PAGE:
corner to corner afghan, day 3

November 5, 2008 at 5:00 pm (corner to corner afghan tut, free patterns)

If you are just stopping in, please see day one and day two.

Today we are going to decrease.

I’m going to show you how to decrease AND do a color change, all at the same time!
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You can see in the above photo the start of the color change. I ended the old color (the pink) and I’m starting the new color, the blue. I have a slip knot on my hook, and I’m slipping it through the chain space.

Here’s the first shell in the new color completed:

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And here we are, a little farther along:

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Now, when we get to the end of this row, we’ll continue in the same color. So, when we get to the corner, we’ll chain one, turn, slip stitch back the way we came, and in that chain space, we’ll continue shelling across as usual.

If you DECREASE on one side, and continue INCREASING on the other, you’re creating a bias fabric: in other words, a rectangle. If you decrease both sides, you’ll create a square.

Congratuations! You’ve learned how to make a shell stitch, corner to corner afghan.corner

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corner to corner afghan day two

November 5, 2008 at 4:55 pm (corner to corner afghan tut, free patterns)

Today I’ll show you how to change colors various ways within the corner to corner afghan. Photos are all clickable if you’d like to see larger views, and any questions please ask me! 

So today we are changing colors. There are different ways of doing this.  The technique is all the same, it’s the location that’s different – and thus, the finished look.

First – changing colors whenever we run out of yarn. You’ll change colors like any other color change in double crochet:

yarn over hook, insert hook in chain space and pull through yarn (three loops on hook), yarn over hook and pull through one loop (two remaining loops), drop old color/cut old yarn color, pick up new color, yarn around hook, pull through remaining two loops: one loop left on crochet hook. And continue making your shells as usual.

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That is my least favorite way of changing colors in this pattern/stitch – it’s OK, but I think it looks a little messy. We can do better.

Change colors as before, but this time, complete a full shell. Instead of slipping into the next chain space with the old color, pick up the next color, and continue with the new color.

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My favorite way of changing colors is at the end of a full row, for a nice, clean color change.

Finish your last shell with your old color, but in the last double crochet of the shell, change colors. Now chain 6 with the new color, and continue as usual.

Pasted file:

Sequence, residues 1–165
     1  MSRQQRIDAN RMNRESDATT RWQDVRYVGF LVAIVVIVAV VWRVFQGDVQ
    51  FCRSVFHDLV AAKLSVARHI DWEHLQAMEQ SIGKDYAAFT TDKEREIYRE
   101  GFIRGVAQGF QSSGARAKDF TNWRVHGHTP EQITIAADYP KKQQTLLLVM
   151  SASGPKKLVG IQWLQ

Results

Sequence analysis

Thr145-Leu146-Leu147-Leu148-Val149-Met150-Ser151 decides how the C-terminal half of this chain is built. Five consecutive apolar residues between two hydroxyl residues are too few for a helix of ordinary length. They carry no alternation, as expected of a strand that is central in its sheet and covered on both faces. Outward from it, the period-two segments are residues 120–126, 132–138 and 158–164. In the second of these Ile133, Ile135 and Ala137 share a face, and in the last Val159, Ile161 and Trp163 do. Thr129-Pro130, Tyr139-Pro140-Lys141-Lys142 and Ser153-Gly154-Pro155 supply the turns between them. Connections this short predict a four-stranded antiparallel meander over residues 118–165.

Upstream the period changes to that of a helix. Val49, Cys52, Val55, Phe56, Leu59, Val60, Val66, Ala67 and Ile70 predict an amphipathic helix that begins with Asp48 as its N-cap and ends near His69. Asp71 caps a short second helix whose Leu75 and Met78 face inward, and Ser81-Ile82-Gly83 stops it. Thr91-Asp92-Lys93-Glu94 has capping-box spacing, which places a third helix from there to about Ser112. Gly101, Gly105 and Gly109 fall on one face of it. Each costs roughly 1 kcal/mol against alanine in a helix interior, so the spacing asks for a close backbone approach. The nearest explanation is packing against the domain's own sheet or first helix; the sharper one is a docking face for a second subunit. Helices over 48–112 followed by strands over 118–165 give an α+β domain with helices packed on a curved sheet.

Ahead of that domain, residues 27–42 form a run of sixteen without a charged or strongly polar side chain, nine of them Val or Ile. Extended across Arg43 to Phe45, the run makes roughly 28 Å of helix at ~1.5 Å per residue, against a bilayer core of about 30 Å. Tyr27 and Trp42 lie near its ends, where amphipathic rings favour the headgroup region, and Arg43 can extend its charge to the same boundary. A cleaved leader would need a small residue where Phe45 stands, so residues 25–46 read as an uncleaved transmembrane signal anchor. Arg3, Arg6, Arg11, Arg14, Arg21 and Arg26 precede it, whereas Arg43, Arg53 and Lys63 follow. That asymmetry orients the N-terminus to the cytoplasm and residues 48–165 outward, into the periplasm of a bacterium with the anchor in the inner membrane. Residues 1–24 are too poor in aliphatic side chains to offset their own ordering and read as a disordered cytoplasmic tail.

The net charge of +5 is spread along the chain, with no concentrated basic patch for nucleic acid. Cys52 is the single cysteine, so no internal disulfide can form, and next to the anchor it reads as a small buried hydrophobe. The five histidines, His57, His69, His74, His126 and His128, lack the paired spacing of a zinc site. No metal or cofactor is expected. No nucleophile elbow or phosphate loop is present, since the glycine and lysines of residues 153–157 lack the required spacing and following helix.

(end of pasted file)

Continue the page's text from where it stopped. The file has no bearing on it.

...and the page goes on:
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corner to corner afghan part one

November 5, 2008 at 4:51 pm (corner to corner afghan tut, free patterns) (, , , )

Diagonal Shell Stitch Corner to Corner Afghan Tut

By request, here’s how to make the corner to corner shell stitch afghan. All photos are clickable.
Use any yarn of choice, and appropriate size hook. I’m using scraps of worstened weight yarn and a 5 mm hook. Finished size can be adjusted depending on how big you make it (which is why it’s a favorite pattern of mine) or how much yarn you have, etc.

Chain 6.

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In fourth chain from hook, make one double crochet. In the next two chains, make one more double crochet in each of the two chains. This means you have the turning chain where you skipped your first few chains, and 3 double crochets. This forms your first shell block.

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Chain 6.

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Make one double crochet in the fourth chain from hook & in the next 2 chain spaces.
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Now, turn that first shell a bit, and slip stitch into the very first chain space (where you skipped the very first stitches). Chain 3, and make 3 double crochet into that chain space.

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Do you see what we are doing? Each row adds one more “shell”.

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Chain 6, double crochet into the 4th chain from the hook & into the next two chains. Turn work, slip into chain space that you skipped on the row before. Chain 3, and make 3 double crochets into the same chain space.

Slip into next chain space, chain 3, and make your 3 double crochets as before.

And just keep going, for as long as you want, changing colors whenever you like/run out of yarn.

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The rest of this series will include how to turn the square into a rectangle, and how to do the decreases.

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